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Subject: Re: RE: [xdi] Rationale and semantics for the 3rd markup model


Am I right in saying that:
(a) models one and two support the current use of XML, i.e. current web 
service standards and possibly the semantic web, more so than model 
(b) The Dataweb, as you envision it, will primarily use model three?

If so then IMHO a really good name for model three would be the DataWeb 
model. What do you think?


----- Original Message -----
From: "Drummond Reed" <drummond.reed@cordance.net>
Date: Tuesday, November 30, 2004 2:19 am
Subject: RE: [xdi] Rationale and semantics for the 3rd markup model

> I see your point, and I agree it means "logical" is probably not 
> the best
> name for the third XDI markup model, because "logical" could 
> equally applies
> to the abstract XDI model as a whole, not to any one markup model.
> In that case I believe the single most distinguishing 
> characteristic of the
> third model is that it is independent of any XML schema OTHER than 
> the XDI
> schema. This is the biggest contrast with the other two models, 
> which are
> both XML-schema-centric. In which case the most precise label for 
> the third
> model would appear to be either "the independent model" or "the 
> XDI schema
> model".
> =Drummond 
> -----Original Message-----
> From: Loren West [mailto:loren.west@epok.net] 
> Sent: Monday, November 29, 2004 12:44 PM
> To: 'Drummond Reed'; 'XDI TC'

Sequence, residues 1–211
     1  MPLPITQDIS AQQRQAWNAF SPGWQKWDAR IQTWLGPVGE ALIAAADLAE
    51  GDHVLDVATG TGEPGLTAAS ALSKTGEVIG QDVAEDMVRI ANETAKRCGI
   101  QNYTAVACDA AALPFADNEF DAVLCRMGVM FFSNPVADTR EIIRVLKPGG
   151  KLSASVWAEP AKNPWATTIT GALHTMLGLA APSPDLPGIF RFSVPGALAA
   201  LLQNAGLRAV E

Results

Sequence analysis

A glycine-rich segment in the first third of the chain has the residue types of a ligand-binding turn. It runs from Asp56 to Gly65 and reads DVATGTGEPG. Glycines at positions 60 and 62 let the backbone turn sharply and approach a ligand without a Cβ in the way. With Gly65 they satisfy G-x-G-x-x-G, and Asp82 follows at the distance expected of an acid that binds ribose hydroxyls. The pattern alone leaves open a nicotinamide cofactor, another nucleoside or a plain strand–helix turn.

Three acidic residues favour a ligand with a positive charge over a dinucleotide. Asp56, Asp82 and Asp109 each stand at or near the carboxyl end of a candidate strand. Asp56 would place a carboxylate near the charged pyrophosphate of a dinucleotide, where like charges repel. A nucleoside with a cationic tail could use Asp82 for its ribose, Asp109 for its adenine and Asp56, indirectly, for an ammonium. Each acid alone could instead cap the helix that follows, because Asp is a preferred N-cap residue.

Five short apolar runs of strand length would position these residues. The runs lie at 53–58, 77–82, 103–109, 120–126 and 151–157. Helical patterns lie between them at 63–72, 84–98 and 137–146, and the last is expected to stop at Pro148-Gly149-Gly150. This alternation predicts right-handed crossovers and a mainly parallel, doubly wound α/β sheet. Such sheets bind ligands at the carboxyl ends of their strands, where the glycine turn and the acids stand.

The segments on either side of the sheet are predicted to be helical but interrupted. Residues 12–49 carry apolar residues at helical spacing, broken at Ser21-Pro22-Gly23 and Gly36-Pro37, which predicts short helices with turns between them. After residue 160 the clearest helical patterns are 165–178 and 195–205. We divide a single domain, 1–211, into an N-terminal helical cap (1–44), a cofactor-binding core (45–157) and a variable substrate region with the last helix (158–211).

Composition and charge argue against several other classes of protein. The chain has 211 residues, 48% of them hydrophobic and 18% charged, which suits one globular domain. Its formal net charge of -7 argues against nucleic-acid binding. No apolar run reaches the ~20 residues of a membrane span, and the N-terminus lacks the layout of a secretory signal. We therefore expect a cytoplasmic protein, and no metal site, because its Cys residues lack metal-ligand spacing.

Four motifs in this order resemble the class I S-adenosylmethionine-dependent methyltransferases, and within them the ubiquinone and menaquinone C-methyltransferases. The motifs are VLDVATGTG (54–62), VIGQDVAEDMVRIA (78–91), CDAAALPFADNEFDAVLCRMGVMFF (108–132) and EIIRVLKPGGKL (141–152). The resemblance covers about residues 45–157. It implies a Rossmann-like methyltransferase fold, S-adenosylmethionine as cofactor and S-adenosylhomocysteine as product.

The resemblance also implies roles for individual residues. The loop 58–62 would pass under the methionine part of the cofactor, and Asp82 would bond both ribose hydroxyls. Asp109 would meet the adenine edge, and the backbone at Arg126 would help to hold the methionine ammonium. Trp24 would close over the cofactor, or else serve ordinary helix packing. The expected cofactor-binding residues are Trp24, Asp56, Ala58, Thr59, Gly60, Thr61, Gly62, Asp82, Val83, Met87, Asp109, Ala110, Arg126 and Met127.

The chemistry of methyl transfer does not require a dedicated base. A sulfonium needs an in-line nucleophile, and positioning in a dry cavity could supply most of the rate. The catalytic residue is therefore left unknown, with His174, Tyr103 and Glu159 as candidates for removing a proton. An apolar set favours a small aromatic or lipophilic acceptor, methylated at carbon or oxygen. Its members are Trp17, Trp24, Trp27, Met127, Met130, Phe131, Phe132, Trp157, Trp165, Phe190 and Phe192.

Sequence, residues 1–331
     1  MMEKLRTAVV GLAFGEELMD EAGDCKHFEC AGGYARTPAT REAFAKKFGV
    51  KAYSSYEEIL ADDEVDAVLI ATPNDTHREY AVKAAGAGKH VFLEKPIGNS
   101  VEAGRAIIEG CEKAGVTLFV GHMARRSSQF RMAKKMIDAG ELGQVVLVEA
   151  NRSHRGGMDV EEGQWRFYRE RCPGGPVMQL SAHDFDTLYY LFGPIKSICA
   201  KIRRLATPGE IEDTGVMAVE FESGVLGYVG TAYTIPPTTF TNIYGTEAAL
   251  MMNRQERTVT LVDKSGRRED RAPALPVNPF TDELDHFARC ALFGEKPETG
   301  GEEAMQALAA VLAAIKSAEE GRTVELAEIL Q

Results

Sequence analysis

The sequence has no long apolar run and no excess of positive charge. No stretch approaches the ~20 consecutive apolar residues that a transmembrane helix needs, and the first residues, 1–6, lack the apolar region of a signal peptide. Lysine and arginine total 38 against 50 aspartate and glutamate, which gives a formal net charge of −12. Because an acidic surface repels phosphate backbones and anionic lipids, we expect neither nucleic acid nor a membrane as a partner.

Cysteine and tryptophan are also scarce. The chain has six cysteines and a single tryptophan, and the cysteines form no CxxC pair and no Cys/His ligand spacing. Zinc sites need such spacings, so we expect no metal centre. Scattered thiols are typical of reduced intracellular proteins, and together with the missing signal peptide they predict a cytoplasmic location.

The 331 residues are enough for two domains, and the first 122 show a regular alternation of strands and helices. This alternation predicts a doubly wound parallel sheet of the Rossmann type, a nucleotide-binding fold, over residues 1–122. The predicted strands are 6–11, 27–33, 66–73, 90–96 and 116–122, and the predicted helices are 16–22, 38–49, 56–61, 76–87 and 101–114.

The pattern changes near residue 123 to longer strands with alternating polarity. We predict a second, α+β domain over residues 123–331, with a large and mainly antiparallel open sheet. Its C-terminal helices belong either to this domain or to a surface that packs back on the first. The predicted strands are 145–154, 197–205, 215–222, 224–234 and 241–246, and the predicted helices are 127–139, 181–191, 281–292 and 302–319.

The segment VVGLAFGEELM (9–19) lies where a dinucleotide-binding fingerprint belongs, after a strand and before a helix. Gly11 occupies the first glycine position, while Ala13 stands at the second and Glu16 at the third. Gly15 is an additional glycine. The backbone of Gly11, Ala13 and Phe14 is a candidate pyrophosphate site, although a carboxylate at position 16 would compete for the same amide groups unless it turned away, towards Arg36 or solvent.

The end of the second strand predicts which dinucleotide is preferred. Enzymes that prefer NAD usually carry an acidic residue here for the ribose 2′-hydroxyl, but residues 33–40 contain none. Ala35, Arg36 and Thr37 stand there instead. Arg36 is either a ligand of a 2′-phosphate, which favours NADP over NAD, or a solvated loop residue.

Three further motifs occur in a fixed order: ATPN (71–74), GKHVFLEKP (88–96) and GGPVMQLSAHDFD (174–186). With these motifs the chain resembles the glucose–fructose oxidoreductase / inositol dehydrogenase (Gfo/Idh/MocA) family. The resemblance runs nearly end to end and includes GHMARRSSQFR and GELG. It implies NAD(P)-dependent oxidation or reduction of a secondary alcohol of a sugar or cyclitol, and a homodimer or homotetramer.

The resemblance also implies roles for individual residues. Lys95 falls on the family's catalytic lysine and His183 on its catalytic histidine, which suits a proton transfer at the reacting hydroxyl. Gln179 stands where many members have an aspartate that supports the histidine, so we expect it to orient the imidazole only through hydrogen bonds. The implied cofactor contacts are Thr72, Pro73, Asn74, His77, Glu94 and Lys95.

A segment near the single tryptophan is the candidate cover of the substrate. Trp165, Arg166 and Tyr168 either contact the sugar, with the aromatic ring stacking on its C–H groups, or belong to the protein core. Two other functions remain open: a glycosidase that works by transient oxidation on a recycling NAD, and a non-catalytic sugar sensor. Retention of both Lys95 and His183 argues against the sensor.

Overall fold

> Subject: RE: [xdi] Rationale and semantics for the 3rd markup model
> I'm not a big fan of the terms logical, physical, and abstract
> because they don't communicate anything in and of themselves.
> Sort of like the word "low" - it only makes sense when compared
> to something "high".
> If one model is logical, what is it compared to?  Illogical?
> Physical?  And what is it that makes it more logical than the
> others?
> ALL 3 models allow you to identify, describe, and exchange data
> so none of them are any more or less XDI than the other.
> I think it would be a mistake to say that the inline and enveloped
> models are just a translation of a logical XDI model into XML
> because it places emphasis on the model itself vs. the virtues
> of identifying, describing, and exchanging data.
> It suggests that you should understand the model first, then 
> understand it's translations into XML if that's how you want
> to use XDI.  I fear we'll lose people if we try to get them 
> to understand the 3rd model in order to understand XDI.
> =Loren
> -----Original Message-----
> From: Drummond Reed [mailto:drummond.reed@cordance.net] 
> Sent: Monday, November 29, 2004 11:37 AM
> To: 'XDI TC'
> Subject: RE: [xdi] Rationale and semantics for the 3rd markup model
> Loren,
> I think I get what you're saying - that the two applications that 
> need to
> exchange data may need to first establish context, and that's what 
> this"meta-context" is for.
> But in that case, as you said on the last call, the application 
> *is* XDI.
> XDI is the context.
> That's why it strikes me that most natural name for the third 
> model is the
> term Ajay uses - "the logical model" - because the goal of XDI is